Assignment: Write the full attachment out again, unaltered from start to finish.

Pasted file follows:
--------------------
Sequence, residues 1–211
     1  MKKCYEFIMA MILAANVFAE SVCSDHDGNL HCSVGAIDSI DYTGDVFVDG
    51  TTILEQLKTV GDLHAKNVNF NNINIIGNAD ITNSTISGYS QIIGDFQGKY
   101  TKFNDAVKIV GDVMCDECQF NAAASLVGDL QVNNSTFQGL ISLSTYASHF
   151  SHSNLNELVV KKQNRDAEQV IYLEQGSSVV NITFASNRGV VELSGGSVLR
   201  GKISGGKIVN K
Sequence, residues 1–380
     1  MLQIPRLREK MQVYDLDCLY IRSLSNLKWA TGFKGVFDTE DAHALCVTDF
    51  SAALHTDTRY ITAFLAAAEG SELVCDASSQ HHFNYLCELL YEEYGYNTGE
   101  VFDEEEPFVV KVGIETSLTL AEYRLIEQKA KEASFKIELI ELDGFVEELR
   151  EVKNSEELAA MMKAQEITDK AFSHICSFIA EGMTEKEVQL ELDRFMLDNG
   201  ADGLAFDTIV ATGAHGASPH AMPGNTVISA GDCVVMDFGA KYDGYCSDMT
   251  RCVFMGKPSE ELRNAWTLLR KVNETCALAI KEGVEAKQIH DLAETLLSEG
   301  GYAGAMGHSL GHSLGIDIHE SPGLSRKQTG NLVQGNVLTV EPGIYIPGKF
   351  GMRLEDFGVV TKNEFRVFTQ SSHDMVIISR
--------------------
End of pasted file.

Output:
Sequence, residues 1–211
     1  MKKCYEFIMA MILAANVFAE SVCSDHDGNL HCSVGAIDSI DYTGDVFVDG
    51  TTILEQLKTV GDLHAKNVNF NNINIIGNAD ITNSTISGYS QIIGDFQGKY
   101  TKFNDAVKIV GDVMCDECQF NAAASLVGDL QVNNSTFQGL ISLSTYASHF
   151  SHSNLNELVV KKQNRDAEQV IYLEQGSSVV NITFASNRGV VELSGGSVLR
   201  GKISGGKIVN K
Sequence, residues 1–380
     1  MLQIPRLREK MQVYDLDCLY IRSLSNLKWA TGFKGVFDTE DAHALCVTDF
    51  SAALHTDTRY ITAFLAAAEG SELVCDASSQ HHFNYLCELL YEEYGYNTGE
   101  VFDEEEPFVV KVGIETSLTL AEYRLIEQKA KEASFKIELI ELDGFVEELR
   151  EVKNSEELAA MMKAQEITDK AFSHICSFIA EGMTEKEVQL ELDRFMLDNG
   201  ADGLAFDTIV ATGAHGASPH AMPGNTVISA GDCVVMDFGA KYDGYCSDMT
   251  RCVFMGKPSE ELRNAWTLLR KVNETCALAI KEGVEAKQIH DLAETLLSEG
   301  GYAGAMGHSL GHSLGIDIHE SPGLSRKQTG NLVQGNVLTV EPGIYIPGKF
   351  GMRLEDFGVV TKNEFRVFTQ SSHDMVIISR